The Democratic Republic of the Congo (DRC) has been plagued by violence, corruption, and poor governance for decades. Since the Second Congo War in 1998, conflict in eastern DRC has claimed over 5.4 million lives, and displaced more than three million people.
Various militia groups and government forces are both responsible for committing heinous crimes against humanity. Rape has been used as a weapon of war, instilling widespread fear and fracturing communities. Children are often kidnapped and conscripted as child soldiers, while young girls are forced to be sex slaves for militia fighters.
One of the key drivers of violence in eastern DRC is the fight over vast resource wealth in the region. Armed groups and corrupt officials generate millions of dollars from the mining and smuggling of conflict minerals: tin, tantalum, tungsten, and gold—found in our everyday electronics and jewelry.
In 2010, the U.S. Congress passed a piece of legislation known as the Dodd-Frank Wall Street Reform and Consumer Protection Act (Dodd-Frank). Section 1502 of Dodd-Frank addressed the issue of conflict minerals by requiring publicly traded companies in the U.S. to report if their products contain any of the designated conflict minerals, and if so, from where they are sourced. This due diligence reporting requires companies to determine whether the purchase of these minerals could be funding armed groups. While progress has been slow, one of the major successes of this effort was Intel’s release of the first-ever conflict-free product (a microprocessor) containing minerals sourced from Congo. Most recently, Apple Inc. announced that it will audit all of its suppliers to for the use of conflict minerals that may be linked to violent armed groups.
“When Elephants Fight” is a new documentary by Mike Ramsdell, who joined JWW on a trip to the DRC in 2011. The film explores the history of the DRC and illustrates current issues plaguing the region, including mineral exploitation. Watch the trailer below, and consider hosting a screening in your community. Visit Stand With Congo for more information.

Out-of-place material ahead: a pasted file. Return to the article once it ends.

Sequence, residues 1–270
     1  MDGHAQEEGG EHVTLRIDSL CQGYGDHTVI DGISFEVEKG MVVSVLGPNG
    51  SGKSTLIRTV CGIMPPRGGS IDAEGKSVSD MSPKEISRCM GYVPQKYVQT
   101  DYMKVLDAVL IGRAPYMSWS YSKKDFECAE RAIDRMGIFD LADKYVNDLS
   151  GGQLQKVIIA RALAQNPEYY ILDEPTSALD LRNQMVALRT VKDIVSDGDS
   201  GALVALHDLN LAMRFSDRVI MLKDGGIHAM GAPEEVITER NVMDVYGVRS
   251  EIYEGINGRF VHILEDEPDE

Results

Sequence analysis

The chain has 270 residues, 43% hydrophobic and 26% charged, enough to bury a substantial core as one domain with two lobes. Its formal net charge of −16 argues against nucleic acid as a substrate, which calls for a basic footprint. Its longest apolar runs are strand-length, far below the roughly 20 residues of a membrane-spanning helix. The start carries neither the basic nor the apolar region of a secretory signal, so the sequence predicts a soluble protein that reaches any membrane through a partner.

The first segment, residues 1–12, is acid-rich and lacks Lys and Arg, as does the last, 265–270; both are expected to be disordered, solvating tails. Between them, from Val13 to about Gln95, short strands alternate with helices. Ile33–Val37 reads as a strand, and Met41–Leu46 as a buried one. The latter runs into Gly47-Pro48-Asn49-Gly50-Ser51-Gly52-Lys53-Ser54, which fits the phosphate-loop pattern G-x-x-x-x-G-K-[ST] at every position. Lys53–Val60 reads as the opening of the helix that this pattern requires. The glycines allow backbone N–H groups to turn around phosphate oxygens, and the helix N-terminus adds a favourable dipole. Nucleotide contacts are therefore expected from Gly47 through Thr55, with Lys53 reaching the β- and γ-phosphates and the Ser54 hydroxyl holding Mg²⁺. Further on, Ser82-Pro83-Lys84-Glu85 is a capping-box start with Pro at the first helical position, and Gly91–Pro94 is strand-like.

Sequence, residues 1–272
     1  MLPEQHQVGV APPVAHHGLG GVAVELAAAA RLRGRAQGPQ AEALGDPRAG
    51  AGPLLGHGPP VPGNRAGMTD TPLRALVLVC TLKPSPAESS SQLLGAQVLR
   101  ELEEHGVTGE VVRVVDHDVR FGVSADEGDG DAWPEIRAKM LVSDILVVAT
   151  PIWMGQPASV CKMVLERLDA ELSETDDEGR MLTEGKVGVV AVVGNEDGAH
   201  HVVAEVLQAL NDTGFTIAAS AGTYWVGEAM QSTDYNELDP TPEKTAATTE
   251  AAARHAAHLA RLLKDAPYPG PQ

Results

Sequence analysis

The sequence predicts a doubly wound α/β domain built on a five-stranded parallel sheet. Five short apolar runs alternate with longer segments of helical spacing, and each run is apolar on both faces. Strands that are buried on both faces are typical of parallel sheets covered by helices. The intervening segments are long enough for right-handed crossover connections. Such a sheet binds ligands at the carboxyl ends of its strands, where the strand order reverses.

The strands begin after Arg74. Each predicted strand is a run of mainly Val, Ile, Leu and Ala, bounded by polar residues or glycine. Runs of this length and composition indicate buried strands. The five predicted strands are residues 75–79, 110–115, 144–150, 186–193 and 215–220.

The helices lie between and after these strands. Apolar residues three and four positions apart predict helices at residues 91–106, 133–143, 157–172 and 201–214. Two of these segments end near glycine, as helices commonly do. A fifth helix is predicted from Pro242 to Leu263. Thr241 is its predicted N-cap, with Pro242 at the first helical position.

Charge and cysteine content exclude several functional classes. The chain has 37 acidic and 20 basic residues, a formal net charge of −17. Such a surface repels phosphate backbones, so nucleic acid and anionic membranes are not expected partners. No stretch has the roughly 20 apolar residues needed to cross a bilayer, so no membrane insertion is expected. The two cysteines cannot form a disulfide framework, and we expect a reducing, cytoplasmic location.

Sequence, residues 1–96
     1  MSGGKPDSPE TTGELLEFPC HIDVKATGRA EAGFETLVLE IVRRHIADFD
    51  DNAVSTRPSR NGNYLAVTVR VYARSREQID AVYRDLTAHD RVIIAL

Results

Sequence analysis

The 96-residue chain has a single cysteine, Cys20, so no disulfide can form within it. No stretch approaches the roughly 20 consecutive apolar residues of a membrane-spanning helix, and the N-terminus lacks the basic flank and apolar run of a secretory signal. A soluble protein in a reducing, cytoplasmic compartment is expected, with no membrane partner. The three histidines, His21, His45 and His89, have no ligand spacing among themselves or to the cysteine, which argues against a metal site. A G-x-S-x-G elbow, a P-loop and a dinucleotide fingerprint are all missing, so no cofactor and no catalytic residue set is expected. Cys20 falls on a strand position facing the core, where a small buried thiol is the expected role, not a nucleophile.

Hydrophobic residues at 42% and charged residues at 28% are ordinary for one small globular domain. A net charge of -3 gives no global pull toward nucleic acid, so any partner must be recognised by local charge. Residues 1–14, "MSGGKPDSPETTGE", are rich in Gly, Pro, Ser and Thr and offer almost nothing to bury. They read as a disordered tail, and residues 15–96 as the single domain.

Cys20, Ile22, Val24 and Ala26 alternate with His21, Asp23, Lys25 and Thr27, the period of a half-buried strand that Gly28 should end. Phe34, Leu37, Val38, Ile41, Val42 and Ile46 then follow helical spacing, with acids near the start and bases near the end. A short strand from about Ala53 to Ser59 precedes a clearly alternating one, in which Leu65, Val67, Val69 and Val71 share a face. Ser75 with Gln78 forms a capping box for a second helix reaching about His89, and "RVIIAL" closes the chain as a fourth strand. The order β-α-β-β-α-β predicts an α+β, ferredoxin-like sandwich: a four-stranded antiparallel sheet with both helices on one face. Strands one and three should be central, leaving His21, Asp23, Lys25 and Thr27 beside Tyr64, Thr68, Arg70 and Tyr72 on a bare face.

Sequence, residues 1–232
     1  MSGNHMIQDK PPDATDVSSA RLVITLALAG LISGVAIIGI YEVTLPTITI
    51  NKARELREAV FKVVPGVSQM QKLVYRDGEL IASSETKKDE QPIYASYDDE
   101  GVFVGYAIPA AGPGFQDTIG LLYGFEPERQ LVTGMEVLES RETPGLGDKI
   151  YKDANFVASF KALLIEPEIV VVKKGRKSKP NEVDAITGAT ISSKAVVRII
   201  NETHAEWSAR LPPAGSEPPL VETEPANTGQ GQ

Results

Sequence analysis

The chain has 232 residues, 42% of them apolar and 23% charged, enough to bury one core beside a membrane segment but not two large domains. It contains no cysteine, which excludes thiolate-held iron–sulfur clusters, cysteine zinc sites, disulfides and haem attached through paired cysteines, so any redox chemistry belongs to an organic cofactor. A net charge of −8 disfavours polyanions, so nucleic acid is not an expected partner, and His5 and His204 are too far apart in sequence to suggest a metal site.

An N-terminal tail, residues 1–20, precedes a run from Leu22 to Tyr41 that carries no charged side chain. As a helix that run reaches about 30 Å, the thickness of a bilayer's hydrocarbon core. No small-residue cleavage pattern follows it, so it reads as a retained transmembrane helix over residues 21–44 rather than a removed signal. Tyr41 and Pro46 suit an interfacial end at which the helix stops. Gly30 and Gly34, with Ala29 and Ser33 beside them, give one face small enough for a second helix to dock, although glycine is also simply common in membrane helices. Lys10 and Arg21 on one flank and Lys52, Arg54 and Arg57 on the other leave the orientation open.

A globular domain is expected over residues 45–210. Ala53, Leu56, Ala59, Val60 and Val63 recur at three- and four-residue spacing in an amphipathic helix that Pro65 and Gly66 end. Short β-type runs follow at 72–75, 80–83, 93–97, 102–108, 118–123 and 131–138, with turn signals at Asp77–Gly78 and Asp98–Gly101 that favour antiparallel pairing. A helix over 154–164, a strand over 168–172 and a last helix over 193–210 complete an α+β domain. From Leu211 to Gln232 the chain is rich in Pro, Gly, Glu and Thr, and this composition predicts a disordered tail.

Presidential elections are scheduled in the Democratic Republic of the Congo for late 2016. President Joseph Kabila, who has been in power since 2001 and is constitutionally required to step down this year, is trying to cling to power. Kabila has employed various tactics to hold onto power. Last year, he tried to tie the election to a national census, which analysts expected would take as long as three years to complete. Congolese activists, civil society, and student groups, have all stood against Kabila’s attempted power grab, taking to the streets to protest his actions. These protests have been met with violent crackdowns, deaths, and a number of arrests.
The U.S. government and the U.N. Security Council, among others, have been outspoken against Kabila and have urged the DRC government to abide by the constitution and hold free, fair, and transparent elections allowing for democratic transition.
Jewish World Watch continues to advocate for additional pressure to be put on Kabila to step down, and we continue to be supportive of companies being responsible in their mineral sourcing. Additionally, Jewish World Watch supports a number of on-the-ground projects in the eastern DRC that serve the most vulnerable populations affected by violence. Charmante, pictured in the header photo, is a participant in the Generation Hope program implemented by our partner Un Jour Nouveau/Africa New Day. The program supports the most vulnerable children of Goma, North Kivu, providing education, mentorship and spiritual leadership. For more information on additional projects and to support these local initiatives visit our website.
Today, you can take action by joining the #STANDWITHCONGO campaign in demanding transparency in the DRC. Click here to sign the petition calling on corporations to disclose who is profiting from deals made in the Congo and asking the governments of the DRC and the United States to take a stand against corruption.